Dressed in an orange jumpsuit, large white gumboots and a hard hat with a torch on the front we descend into the mine. I’m in Mount Isa, deep in the north-west of the Queensland Outback. It is a city built by mining, rising from the arid red dirt of the landscape in 1923, after prospector John Campbell Miles first discovered lead ore here.
From the air, the land surrounding Mount Isa, or The Isa as it is known by locals, looks like the scarred surface of an alien planet. From my window seat in the plane, the rocks below reflect back beams of light from the setting sun, hinting at the great seams of zinc, copper, lead and silver buried under the dirt.
We’re on the Hard Times Mine Underground Tour , just beside the Outback at Isa visitor centre, in the middle of the city of around 22,000. Because of health and safety precautions, tours into the actual mines closed a few decades ago, so the city built its own mock mine, with around 1.2 kilometre of tunnels. Our tour group is led by Alan Rackham, a miner of 49 years who over the course of the next two-and-a-half hours takes us through the history of mining in the area.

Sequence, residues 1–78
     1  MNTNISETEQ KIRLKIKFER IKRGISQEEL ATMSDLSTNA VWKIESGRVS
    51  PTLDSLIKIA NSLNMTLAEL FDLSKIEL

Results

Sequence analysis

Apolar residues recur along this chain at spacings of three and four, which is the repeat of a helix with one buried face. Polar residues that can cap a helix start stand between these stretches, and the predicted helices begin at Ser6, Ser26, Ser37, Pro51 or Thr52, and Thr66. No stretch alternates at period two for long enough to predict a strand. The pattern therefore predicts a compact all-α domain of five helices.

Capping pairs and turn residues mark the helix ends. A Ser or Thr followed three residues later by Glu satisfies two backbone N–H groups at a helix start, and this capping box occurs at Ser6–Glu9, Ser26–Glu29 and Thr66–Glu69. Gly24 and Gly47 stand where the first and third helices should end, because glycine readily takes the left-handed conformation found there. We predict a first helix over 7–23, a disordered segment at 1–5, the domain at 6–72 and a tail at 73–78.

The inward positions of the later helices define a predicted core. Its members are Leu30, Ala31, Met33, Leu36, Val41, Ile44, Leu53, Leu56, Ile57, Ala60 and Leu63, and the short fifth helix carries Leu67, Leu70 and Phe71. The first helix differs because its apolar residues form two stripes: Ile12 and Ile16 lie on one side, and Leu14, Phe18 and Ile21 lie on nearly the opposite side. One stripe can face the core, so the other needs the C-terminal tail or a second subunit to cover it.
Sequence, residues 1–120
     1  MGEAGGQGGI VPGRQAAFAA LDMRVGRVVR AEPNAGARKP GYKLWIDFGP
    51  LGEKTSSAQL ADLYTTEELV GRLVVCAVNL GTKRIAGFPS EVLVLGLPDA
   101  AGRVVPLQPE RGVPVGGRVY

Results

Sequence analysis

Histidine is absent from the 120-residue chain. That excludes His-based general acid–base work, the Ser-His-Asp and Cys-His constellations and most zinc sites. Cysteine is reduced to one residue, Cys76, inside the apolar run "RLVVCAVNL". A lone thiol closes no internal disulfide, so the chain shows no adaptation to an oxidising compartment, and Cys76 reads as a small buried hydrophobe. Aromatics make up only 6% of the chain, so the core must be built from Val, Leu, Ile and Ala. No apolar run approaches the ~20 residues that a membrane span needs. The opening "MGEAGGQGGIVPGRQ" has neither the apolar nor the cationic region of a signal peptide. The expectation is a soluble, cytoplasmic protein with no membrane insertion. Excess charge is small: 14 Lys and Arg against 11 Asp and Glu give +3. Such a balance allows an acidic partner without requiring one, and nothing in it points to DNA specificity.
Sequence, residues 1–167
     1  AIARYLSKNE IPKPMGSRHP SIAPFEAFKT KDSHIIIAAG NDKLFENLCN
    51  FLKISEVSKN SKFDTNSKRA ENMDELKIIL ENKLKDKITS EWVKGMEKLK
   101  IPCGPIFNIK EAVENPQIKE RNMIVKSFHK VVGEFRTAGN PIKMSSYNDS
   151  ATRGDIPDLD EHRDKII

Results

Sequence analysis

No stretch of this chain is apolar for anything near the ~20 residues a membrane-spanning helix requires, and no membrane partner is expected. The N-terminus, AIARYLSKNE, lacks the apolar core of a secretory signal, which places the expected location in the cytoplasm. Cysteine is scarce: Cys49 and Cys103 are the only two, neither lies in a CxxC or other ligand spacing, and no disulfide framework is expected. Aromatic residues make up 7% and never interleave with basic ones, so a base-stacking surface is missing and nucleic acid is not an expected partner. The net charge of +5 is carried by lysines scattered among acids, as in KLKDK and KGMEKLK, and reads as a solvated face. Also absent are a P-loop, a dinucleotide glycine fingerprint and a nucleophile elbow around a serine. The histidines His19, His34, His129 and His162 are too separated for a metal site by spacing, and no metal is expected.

Going down the lift shaft, around 20 to 30 metres below the surface, I get a faint tinge of claustrophobia, but the area down below is well ventilated. The blasted rock surfaces of the tunnels are covered with wire netting, with thick screw pieces drilled in every metre or so to support the load.
To explain the mining process Rackham employs the metaphor of a street system, with the first tunnel we go down functioning as the main street. “If you drive into a small town, this is the main street, it’s hooked up to the lift and the air flow,” he says.
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